We are happy to announce that the volume The Dash – The Other Side of Absolute Knowing by Rebecca Comay and Frank Ruda (MIT, 2018) has been reviewed by Giulia Bernard for Universa. Recensioni di Filosofia, vol. 9 n.1 (2020).
The pdf-text of the review is available at this link.
Can one attempt a rigorously non-metaphysical rendering of Hegel’s philosophy by affirming what is normally taken to be its most indigestible core? Can a potential for transformation be reconciled with some of the seemingly most narcissistic issues of the system, namely “absolute knowing” and “God’s thoughts before the creation”? The Dash – The Other Side of Absolute Knowing by Rebecca Comay and Frank Ruda risks a positive answer to this question.
The work is engaging and experimental as few books on Hegel’s philosophy are. Combining the “paranoid microscopism of the detail with a preposterous macroscopism of the system” (p.7), the volume rests on an irrepressible duplicity. Two books stand at its centre: The Phenomenology of Spirit and the Science of Logic. The two authors, Comay and Ruda, discuss some of the less palatable issues of Hegel’s work, driven by a deceiving “stupid little observation” (p.6): Hegel punctuates strangely. Two marks of punctuation keep obsessing them – or rather one, a “dash”, that repeats itself at the end of the Phenomenology, detaching Hegel’s text from a (misquoted) epigram by Schiller, and at the beginning of the Logic: “Being, pure Being, –”.
The text is unsettling, and it fails to meet the expectations of those in search of a definitive clue regarding the question of which of the two books should take precedence over the other. Its attempt consists rather of unhinging this interpretative framework and of discussing a constitutive (i.e. unresolved) oscillation between the two works, which allows a reading that views them as different acts of a single play meant to reframe subjectivity against its voluntarist background.
The volume is articulated in two main parts, divided into three chapters co-authored by Comay and Ruda, followed by two further chapters: the first written by Comay, the last by Ruda.
The first chapter, “Kant Brought to His Senses”, aims at bringing to the fore Hegel’s response to the impasse between “a deadly formalism that seems to ignore concrete life practices” and “an artificial liveliness that numbs itself in the repetitive rituals of daily life” (p.12), in which philosophy seems to be hopelessly caught. How should such an antagonism be shaped in order to avoid being a paralyzing symmetry? In order to elucidate the question of decision, the authors first take issue with what they call a deflationary pragmatist approach to Hegel (p.15). What is to be critically questioned is the idea of a space of reasons as a normatively structured framework, with which a community can engage as a collective of rational agents that are committed to negotiating their shared orientation. The question is whether this revisionary, potentially endless procedure points towards an increasing transparency, since it apparently replaces rationality with an a-historical condition of possibility, thereby reverting itself by introducing a new givenness: its language games function “as a new transcendental” (p.13). Against such a background, the Hegel of Comay and Ruda, on this point resembling Slavoj Žižek’s Hegel, excavates the “incompleteness and inconsistency of materiality itself” (p.18). By bringing the cracks inherent in every transcendental conception of language and thought to the fore, Hegel radicalizes the Kantian void, revealing the absence of any pre-existing orientation that can be thought of as self-sufficient for occupying a privileged position in the world.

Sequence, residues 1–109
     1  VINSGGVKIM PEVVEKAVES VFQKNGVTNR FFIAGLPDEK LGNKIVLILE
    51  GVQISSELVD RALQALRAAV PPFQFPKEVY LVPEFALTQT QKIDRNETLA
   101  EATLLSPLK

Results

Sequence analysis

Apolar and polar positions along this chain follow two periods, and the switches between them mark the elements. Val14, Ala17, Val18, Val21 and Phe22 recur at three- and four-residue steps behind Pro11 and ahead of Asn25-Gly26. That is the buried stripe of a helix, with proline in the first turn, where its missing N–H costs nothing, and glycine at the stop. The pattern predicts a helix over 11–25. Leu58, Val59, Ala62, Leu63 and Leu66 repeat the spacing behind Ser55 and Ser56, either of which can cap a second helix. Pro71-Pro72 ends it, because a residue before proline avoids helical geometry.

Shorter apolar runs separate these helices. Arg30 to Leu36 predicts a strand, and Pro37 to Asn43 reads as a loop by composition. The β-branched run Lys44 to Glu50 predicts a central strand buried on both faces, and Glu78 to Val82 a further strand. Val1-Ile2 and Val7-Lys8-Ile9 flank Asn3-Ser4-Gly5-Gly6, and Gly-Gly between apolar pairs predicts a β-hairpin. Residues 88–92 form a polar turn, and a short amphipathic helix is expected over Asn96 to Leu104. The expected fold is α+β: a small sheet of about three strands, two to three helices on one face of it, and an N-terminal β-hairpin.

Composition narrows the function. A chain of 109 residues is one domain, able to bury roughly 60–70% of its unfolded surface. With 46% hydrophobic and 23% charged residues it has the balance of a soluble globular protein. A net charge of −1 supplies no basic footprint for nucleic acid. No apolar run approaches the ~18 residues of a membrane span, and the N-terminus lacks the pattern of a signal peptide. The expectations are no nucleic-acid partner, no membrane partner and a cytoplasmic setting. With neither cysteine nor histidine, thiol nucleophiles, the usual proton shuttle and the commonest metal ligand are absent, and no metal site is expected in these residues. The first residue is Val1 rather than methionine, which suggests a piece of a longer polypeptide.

Such a detour is meant to introduce what is at stake at the point where thinking seems to ground, to justify and to recover itself in an alleged act of returning-to-itself: the “absolute knowing” at the end of Phenomenology. Here a space of agency opens – a space, namely, where all previous coordinates waver and spirit becomes itself “in the form of free contingent happening” (p.24). The task of the Logic will be to formalize in the form of an abyssal resolve this radical externalization, where “the coordinates within which this act could even be considered a sacrifice” (p.24) are relinquished. This will in turn repeat the divestment of the subject, rather than transcendentally securing it in a beyond of experience.
The question of this odd repetition lies at the heart of the second chapter, “The Tale of the Two Books”. How to face the endless oscillation between the “first” first-part of the system and its other first-part, i.e. the Logic? The point of departure here is the interpretative struggle that concerns the relation between the only two books Hegel effectively wrote (p.29) – not taking in consideration his “textbooks”, that according to the authors are not able to perform the genesis of speculative thinking (pp.30-35). The logical square of oppositions effectively displays four options in interpreting the continuity and discontinuity between the books, according to the preference that is given to either the first or the second (p.37). Unsurprisingly, the authors opt for a fifth option, which in a way unhinges the discussion: “there is an active (or absolute) non-relation between the two works” (p.43). The result is extremely thought-provoking, since a constitutive uncertainty is seen at work in passing from the one to the other book. Whether the Phenomenology leads us to doubt that there is a consistent subject, thereby pushing thought to the point of a particular erasure, forgetfulness and collapse, the Logic needs to begin anew: it must perform a second, more radical beginning, that deletes the deletion accomplished by absolute knowing. In order to have no presuppositions, the Logic must erase everything – thereby repeating an erasure it must forget and sliding back “into a domain it has already superseded” (p.50); on the other hand, by performing a task (the critique of subjectivity) that the Logic itself should achieve, Phenomenology has in turn thus “always already launched into the project it is supposed only to introduce” (p.50).